9. by   carolinapooh
    No no this is all good - I appreciate this.

    About the self-education: I'd thought about it and I've already started it. I've read two books written by moms who've 'survived' the NICU (one full of information, written by a former physician), bought two of the big 'Bibles' of NICU nursing, and a couple of others. (This is just something I do: I read, look up stuff, get exposure.) The parent books I thought would be useful because they explain things on a 'simpler' level, and I've also already gotten a few teaching points from them. We get a lot of repetitive teachings with new diagnoses, but I get that there will be more of that in a NICU. I'm an ex-NICU baby (a 1970s Tripler alum!!), so I've been grilling my own mom for what that was like to get more of a parental perspective. A sick baby is a sick baby, no matter the era. Fear is fear.

    I told my chief RN I like teaching (I do, and to wave my own flag, I'm pretty darn good at it), and it was actually she who said a NICU is a great place to use that skill. I expect that love to be tested many many times.

    I'm getting an iPad mini to take to work for reading on, and we have CiNHL/PubMED access at work as well.

    Keep the advice coming if you have it.
  10. by   Samantha79
    Yes I would say (as others have) that for professional it basically means "re-learning" nursing. Everything is different with Neonates. There is basically no room for error because they are so tiny. Also it means teaching to the parents, EVERYTHING. Most of them are too scared to even touch their baby without you telling them it is okay.
    As far as personal, it means spending a lot of your off work time learning the world of neonates. It also means dealing with many ethical issues, and taking them home with you, even if you usually leave work at work.
  11. by   carolinapooh
    I'm basically approaching all this like I approached RN school: I know nothing. I barely know basics. I'm prepared to feel (again!) like I have no idea what I'm doing, because at first, I won't. And I expect to feel just a little bit dumb when I'm back at square one and don't know the answers. Not even just a tad.

    I'm curious: what makes it hard to leave work at work? Just interested in your perspective.
  12. by   TiffyRN
    Quote from carolinapooh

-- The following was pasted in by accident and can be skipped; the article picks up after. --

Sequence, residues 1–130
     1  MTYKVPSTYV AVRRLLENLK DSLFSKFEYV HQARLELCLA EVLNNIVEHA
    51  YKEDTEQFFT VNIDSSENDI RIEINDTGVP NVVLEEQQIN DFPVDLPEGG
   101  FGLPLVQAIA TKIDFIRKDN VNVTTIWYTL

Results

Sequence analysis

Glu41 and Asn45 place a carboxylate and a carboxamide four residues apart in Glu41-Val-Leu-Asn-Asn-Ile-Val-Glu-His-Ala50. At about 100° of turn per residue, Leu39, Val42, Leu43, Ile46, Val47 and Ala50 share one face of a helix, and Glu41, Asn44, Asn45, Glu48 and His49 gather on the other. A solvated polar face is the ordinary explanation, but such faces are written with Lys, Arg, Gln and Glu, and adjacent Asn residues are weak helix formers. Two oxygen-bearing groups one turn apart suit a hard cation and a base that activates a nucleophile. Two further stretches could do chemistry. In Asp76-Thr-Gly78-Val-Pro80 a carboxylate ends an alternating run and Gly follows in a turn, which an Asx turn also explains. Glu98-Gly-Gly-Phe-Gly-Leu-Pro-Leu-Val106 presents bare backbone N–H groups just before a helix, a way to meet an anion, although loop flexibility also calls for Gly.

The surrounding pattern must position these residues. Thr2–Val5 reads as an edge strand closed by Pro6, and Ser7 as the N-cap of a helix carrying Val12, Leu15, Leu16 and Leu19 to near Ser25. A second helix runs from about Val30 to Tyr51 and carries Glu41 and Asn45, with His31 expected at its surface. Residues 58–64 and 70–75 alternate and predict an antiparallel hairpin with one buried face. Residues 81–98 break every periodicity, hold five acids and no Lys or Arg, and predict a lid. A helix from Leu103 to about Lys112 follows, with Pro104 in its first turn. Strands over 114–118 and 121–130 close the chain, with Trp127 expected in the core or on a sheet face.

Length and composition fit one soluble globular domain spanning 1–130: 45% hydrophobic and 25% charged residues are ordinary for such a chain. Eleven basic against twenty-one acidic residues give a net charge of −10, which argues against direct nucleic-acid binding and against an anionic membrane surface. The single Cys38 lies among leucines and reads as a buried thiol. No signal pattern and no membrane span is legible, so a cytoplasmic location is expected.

I'm curious: what makes it hard to leave work at work? Just interested in your perspective.
    My opinion? These are the most innocent and helpless patients and it draws out a lot of protective instincts. When you as the nurse have a really bad feeling about the family situation, I think it makes it really hard to leave work at work. Also, some nurses get very close with the families. We ride the crazy NICU ride with them and sometimes we put them in their car seats to go home and sometimes. . . I imagine with your current specialty you probably have some patients for a long time so that scenario is not unfamiliar.

    As for your original question, I really don't know what they are aiming for. I'd take my chances on it being that you support and are learning about Family-centered care, it's all the rage right now. To be serious though, I have started to really embrace it and it's remarkable how the families really love it and I get more professional satisfaction from it, who knew?
  13. by   carolinapooh
    I'm not familiar with the concept of family-centered care, but I will look it up. Thanks for explaining your viewpoint and I certainly understand what you mean. We sort of do that sometimes in what I do - we have patients with families that want 'everything' done at any cost (though we work with all adults) and they become mouthpieces for the patient, who relents and lets them make all of their decisions for them, including code status, level of care, etc - when you look at the patient or you go into their room in the middle of the night and you just know the patient is trying to tell you I want to die, I'm ready, I'm tired - but they don't say it straight out. And yes, I've already seen quite a few patients through diagnosis, treatment, hospice, and goodbye. It's hard, every time.

    I do see how, even as this is the same, it's very, very different. Now I understand why the RNs in my peds rotation had a reputation for being 'protective' - it makes perfect sense.

    I've not changed my mind, just glad for the opportunity to think about this. I had already thought about how my ethics would be challenged, but this is a new facet to the process - and I appreciate it.

    You all are really helping me.
  14. by   prmenrs
    @carolina--my baby sister was born Tripler, too, in 1954! I'm sure there're plaques there for both of you!